Projects, Projects, Everywhere

project bookIt’s the age-old question. What, oh what, am I going to do all of my kid’s artwork? The fridge door is full, the closets are stuffed, the space under the bed is crammed, and that cabinet in the entertainment center is approaching alarming.

This question is especially relevant for patrons who come to my Tiger Tales weekly story time. The program is year round and we always make a project. Sometimes a rather large and involved project. We definitely have regulars who attend every session, so…that’s one project a week over the span of a year. Give or take some holidays, sick days, and vacation days, that could be 40 projects to store in your abode.

No fear! I have a solution. Straight from the pages of FamilyFun magazine. It’s an art project brag book.

brag bookBrag books are basically small, 4″ x 6″ photo albums. Typically, they hold 36 – 40 photos and retail for $6 – $8. I snagged this one from a discount bin at Bed, Bath, & Beyond for $1.99 (and then I shamelessly used a 20% off coupon on it).

The next time an art project has run its course in your home, simply snap a photo of it, print the photo, and add the photo to the brag book. That way, the artist still has a record of his/her work. A “pint-sized portfolio” if you will. You can even customize the cover!

customized coverYou could also include the child in the photo with his/her artwork and gain a sweet little timeline of the artist. Later, when he/she has their first show at the Met, you can bust it out at the opening reception whilst warbling “Sunrise, Sunset.”

Want to know more about the two projects pictured in the brag book photo? You’ll find the answers here and here!

School for Scoundrels

famous literary villainsBehold the vilest collection of literary villains ever to gather in an esteemed place of learning! In other words, here is the cast from School for Scoundrels, a program we hosted at my library. Scroll to the bottom of the post for a complete listing of who’s who!

School for Scoundrels began as a tribute to the various villains who hounded our favorite heroes. Then I thought…what if all the villains belonged to an elite school? What if kids could attend the school and learn all sorts of nefarious, gross, and classically villainous things? A program was born!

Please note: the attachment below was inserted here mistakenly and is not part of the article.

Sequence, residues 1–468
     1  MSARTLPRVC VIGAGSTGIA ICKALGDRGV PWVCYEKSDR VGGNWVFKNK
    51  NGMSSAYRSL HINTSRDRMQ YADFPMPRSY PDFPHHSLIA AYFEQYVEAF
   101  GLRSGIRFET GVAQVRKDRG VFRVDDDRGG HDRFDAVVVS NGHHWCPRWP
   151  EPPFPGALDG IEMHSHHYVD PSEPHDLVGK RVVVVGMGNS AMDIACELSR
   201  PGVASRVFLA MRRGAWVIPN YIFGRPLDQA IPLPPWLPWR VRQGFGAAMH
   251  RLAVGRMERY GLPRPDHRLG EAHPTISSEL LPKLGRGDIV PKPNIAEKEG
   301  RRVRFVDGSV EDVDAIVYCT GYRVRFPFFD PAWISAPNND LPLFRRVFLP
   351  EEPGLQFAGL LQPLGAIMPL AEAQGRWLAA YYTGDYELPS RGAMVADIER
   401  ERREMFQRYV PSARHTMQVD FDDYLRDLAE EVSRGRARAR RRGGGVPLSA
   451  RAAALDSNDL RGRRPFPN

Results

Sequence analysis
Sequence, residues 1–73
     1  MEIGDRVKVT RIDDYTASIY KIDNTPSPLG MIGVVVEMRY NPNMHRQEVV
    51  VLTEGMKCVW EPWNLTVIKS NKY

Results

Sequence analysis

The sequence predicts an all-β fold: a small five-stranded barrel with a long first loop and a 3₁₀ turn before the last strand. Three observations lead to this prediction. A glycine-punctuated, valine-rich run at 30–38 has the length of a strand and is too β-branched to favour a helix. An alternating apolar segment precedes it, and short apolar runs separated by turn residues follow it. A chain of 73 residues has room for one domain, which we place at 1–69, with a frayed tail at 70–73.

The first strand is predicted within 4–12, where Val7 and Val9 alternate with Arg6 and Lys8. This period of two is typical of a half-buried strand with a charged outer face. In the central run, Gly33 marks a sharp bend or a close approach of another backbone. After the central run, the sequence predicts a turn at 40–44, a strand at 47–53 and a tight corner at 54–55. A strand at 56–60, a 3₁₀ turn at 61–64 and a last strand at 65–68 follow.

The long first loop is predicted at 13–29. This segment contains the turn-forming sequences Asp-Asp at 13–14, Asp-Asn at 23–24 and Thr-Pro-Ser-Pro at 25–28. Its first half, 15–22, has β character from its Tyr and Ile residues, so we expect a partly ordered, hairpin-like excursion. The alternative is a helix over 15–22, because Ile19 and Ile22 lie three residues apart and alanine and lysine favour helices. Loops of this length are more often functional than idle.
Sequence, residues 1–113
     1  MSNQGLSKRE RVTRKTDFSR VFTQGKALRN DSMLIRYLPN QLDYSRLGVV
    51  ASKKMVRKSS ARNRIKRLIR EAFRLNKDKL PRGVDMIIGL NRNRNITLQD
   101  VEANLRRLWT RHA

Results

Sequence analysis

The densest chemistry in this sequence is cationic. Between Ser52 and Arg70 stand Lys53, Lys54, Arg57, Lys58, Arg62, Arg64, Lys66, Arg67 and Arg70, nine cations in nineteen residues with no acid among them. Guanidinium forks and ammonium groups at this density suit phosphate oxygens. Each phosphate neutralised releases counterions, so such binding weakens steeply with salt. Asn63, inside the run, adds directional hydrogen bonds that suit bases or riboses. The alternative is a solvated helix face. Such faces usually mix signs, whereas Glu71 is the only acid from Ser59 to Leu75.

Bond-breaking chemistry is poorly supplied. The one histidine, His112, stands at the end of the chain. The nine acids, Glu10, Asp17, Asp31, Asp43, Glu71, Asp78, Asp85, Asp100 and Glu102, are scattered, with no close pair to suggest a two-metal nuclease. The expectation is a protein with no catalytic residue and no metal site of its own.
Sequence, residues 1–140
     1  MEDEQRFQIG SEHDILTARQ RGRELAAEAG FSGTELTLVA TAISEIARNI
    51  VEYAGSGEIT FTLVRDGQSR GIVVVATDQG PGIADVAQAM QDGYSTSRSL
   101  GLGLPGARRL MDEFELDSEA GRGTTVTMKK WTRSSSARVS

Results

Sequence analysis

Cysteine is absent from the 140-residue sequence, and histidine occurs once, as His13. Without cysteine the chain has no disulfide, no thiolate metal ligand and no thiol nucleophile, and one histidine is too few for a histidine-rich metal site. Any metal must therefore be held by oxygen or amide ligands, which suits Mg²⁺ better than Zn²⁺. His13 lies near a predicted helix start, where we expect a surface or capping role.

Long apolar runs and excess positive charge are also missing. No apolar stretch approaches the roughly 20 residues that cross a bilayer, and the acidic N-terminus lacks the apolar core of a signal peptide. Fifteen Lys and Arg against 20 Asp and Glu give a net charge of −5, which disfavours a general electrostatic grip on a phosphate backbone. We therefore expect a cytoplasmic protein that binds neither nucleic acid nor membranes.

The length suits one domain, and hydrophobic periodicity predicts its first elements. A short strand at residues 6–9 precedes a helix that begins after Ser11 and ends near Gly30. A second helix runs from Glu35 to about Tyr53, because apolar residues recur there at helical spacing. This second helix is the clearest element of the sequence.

In addition to mingling with the school’s famous “alumni,” kids practiced ciphers and codes, started a petri dish bacteria farm, produced a nasty “severed finger” gift box (and received instructions for more gross out activities to try at home), met Aragog the live tarantula (and made a dangling arachnid of their own!), learned how to detect a lie (and fool a polygraph machine with hot and cold packs), built a secret lair (suggestions: classic castle, wooden fort, tank, gingerbread cottage, innocuous bungalow), created an evil nickname (aided with our helpful hint sheet), swashbuckled with pirates, designed a wanted poster (with caricature assistance from Kemy Lin, a very talented student artist), and got into magical mischief with some select Harry Potter spells (the most laugh-inducing was Confundo).

They also practiced cape twirling and evil laughter. The cape twirling was my favorite, especially with names like “The Classic Reveal,” the “Side Arm Sweep,” the “Full-Extension Glide,” and the “Dramatic Egress.” When all the courses were complete, kids earned their very own School for Scoundrels diploma:

diplomaThis program wouldn’t have been possible without the tremendous assistance of Princeton University student actors, who were recruited and coached by my student assistant, Sarah Paton. They were SO game to dress up and stay in character the entire time. But they also knew when to take it easy on the younger (or more timid) kids. For a program of this nature, that’s really important.

famous literary villainsTop row, left to right: Professor Moriarty (Matt Trujil), Iago (Gregory Kufera), Wicked Witch of the West (Katie McGunagle), Wicked Stepmother from Cinderella (Kerry Brodie), Eye of Sauron (Gideon Grossman), Evil Queen from Snow White (Julie Chang), Slytherin Students (Kemy Lin, Vivian Qin), IT (Dana Sheridan). Bottom row, left to right: Long John Silver (Ambika Vora), Captain Hook (Sarah Paton). Well, Mrs. Silver and Mrs. Hook, respectively.

p.s. – You might notice the name tags. They said things like “Hello! My name is The Evil Queen.” Parents LOVED them!